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'Hostel life taught me the art of compromise'

October 01, 2019 12:20 IST

We'd asked you, dear readers, to share pictures and tell us about your favourite hostel memories.
Nisha Tandon, 49, Dubai tells us how hostel life prepared her to deal with challenges and enjoy life.

Nisha Tandon

IMAGE: Nisha Tandon shared this picture with her classmates from Institute of Hotel Management, Bhubaneshwar in 1988Photograph: Kind courtesy Nisha Tandon

Way back in 1988, at the age of 18, from a protective environment I moved to an environment that was in complete contrast.

I came from a relatively conservative background and always stayed under the protective wings of our parents, like most kids did during that time.

Having successfully secured an admission in a hotel management institution in Bhubaneswar, Orissa I had to move out of home in Kharagpur into a girl’s hostel.

I had mixed emotions of fear and anxiety. But being a Taurean, I was quite adventurous and was ready to take on life head on.

With no pre-planning, I decided to take each day as it comes.

My father accompanied me to the college and after completing all the formalities and receiving assurance from the hostel superintendent, he dropped me at the hostel.

I felt lonely, completely lost and to say the least, most nervous.

I turned behind and with tears rolling down my cheeks I saw my father walk away, perhaps with the confidence that 'hereon this is her journey and she will stumble and fall but rise to be a winner.'

Nisha Tandon

IMAGE: 'My room mates and closest pals -- Renu Agarwal (now Singh) and Julliet V Thomas' Nisha captioned this photograph.

Hostel life initially was not easy.

The art of compromise was served lavishly on a platter -- be it food, sharing room and personal space with strangers.

There were limited number of washrooms and a total lifestyle change.

Sitting on the dining table in the mess made me and the others yearn for food so lovingly cooked by our mothers and fed with an overdose of love.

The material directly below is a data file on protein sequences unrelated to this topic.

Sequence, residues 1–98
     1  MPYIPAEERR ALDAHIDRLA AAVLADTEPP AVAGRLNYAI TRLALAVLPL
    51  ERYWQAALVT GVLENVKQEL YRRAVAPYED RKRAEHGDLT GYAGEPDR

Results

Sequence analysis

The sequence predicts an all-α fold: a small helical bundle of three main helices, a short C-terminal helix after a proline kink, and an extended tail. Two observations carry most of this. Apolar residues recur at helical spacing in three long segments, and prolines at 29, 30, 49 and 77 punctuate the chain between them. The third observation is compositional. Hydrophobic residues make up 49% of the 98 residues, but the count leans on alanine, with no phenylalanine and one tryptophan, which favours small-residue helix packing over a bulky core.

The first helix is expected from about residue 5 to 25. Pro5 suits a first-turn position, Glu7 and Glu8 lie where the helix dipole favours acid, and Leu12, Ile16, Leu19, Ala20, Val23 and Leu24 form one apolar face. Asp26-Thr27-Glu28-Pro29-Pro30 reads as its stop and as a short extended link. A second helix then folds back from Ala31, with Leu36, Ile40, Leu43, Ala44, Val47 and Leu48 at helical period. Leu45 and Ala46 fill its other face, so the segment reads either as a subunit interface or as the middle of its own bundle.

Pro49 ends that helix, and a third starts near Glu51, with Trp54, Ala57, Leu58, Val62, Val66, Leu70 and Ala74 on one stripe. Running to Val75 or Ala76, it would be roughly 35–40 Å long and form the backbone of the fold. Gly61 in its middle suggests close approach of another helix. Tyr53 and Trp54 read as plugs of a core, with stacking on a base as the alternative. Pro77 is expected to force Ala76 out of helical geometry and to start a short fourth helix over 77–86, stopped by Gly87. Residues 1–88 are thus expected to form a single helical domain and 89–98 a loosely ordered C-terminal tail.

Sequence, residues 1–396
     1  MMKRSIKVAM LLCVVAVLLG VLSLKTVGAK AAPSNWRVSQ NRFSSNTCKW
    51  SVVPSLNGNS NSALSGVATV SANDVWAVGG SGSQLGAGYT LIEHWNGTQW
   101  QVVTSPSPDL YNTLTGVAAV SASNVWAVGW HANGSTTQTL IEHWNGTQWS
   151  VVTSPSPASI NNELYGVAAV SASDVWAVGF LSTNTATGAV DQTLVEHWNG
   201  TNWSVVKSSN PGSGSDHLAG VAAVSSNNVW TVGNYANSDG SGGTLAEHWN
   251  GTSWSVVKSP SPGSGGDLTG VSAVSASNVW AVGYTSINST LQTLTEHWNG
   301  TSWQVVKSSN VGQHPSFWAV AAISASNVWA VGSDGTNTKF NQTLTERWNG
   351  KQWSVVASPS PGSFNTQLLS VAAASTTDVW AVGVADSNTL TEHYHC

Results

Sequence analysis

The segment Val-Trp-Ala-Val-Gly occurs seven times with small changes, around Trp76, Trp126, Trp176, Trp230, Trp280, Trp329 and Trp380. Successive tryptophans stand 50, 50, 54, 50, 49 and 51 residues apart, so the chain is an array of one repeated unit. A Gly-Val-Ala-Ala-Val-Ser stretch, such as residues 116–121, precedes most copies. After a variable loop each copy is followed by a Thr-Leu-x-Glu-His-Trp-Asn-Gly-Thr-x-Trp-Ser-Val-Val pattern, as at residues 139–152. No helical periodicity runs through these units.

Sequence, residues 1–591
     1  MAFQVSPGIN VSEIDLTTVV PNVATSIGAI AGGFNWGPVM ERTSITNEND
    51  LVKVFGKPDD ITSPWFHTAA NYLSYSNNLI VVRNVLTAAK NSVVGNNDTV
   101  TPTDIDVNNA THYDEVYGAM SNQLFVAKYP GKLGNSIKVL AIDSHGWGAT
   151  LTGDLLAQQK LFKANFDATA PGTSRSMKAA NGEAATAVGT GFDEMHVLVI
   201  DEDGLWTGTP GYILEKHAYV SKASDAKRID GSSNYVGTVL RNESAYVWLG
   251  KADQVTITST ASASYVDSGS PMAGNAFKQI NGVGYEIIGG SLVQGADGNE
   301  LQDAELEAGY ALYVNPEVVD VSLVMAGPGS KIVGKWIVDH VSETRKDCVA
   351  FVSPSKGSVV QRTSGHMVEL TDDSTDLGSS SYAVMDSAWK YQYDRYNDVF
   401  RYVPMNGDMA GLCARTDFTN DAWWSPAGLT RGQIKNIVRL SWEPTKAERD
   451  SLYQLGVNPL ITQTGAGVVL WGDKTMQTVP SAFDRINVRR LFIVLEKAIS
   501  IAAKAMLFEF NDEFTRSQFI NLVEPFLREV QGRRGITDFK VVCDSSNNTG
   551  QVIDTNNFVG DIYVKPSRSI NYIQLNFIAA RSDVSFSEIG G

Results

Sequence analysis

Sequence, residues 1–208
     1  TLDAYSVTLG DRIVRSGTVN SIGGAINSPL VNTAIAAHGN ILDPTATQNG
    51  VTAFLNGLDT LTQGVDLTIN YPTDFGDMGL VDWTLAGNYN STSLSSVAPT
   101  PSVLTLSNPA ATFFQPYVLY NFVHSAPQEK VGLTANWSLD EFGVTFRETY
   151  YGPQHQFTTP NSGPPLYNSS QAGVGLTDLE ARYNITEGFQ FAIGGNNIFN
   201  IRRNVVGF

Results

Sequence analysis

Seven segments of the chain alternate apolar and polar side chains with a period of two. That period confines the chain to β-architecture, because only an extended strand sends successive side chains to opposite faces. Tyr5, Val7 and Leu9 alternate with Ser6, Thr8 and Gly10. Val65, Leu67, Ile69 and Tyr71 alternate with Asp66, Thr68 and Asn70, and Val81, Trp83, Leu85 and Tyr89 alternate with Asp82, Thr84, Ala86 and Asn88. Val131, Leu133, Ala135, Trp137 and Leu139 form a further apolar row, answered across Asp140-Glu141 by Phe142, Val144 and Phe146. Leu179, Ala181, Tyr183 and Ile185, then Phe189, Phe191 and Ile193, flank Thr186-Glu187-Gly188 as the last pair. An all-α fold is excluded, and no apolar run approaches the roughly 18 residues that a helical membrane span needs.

We tend to take things in our life for granted and learn to value them only when we have them no more.

Being a vegetarian worked against me and I was sick of seeing burnt chappatis and potato curry being served almost every day. How I missed my mother!

Another issue was the use of washrooms. Early bird catches the prey fitted the bill completely here.

One needed to compromise on sleep and be in queues to make it in time to the college bus.

We learnt to wash clothes and iron them too as there was no laundry facility available in those days.

Each chore reminded me of the comforts of home and the lavish lifestyle we were so used to.

Slowly we got used to make the most of whatever little we had.

But all those hardships made me a better person.

The bonding we formed with our seniors, peers and juniors was the best thing hostel life gave us.

We sought comfort in the company of strangers who gradually became our own and by the end of the third year it seemed impossible to separate from them.

In the absence of blood relations, we found a sister and even a mother in someone out there -- someone we could talk to, share our anxieties with and help us with solutions to the many problems we came across. And unbelievably they became relationships for life.

The best memories were of the midnight coffee sessions we girls had in our pyjamas. From sharing the secrets to heartbreaks and infatuations.

The Maggi moments were some of the most cherished memories too.

All was not hunky dory though; we did have disagreements with many mates to the point that we became arch rivals, be it in academics or extra curricular activities.

We would try our level best to woo the attention and affection of our seniors and be in their good books by writing their journals in various subjects.

Although it was a part of ragging, we enjoyed it thoroughly as that was the foundation of intimate relationships.

When I look back at those days, I have a smile pasted on my face.

So much so we even had our first stint in a domain we had not dared to venture into so far -- beautifying ourselves.

Most of us had never visited a parlour (salon) before this. So many beauty tips were shared by experts, or so they thought, every Sunday morning.

It was a sight to watch!

The worst memories -- how much we missed our families during the festivities.

I remember spending the first Diwali at the hostel, because we were not granted leave or allowed to travel home. It was one of the saddest days of college life.

But we had a few classmates who bought us the toy guns with crackers and a few basic crackers. It brought some solace as we girls burst them together in the hostel.

There are memories that are unforgettable and one could go on and on.

The entire phase of 3 years I spent at the hostel had been very enriching. It taught me life skills and how to cope with situations in life. It also got me ready for what was yet to come.

Our batch of 1991 relived our hostel days in Goa at one of our reunions. 25 of us had travelled across the globe to be there with each other.

We went back to college days, excited to share rooms once again and gossip till wee hours of the morning. We traversed back in time.

Today as I note down my memories, nostalgia of three decades engulfs me. How I miss those days.

If I could go back in time and had a chance of reliving it, would I do it differently? Most definitely not.


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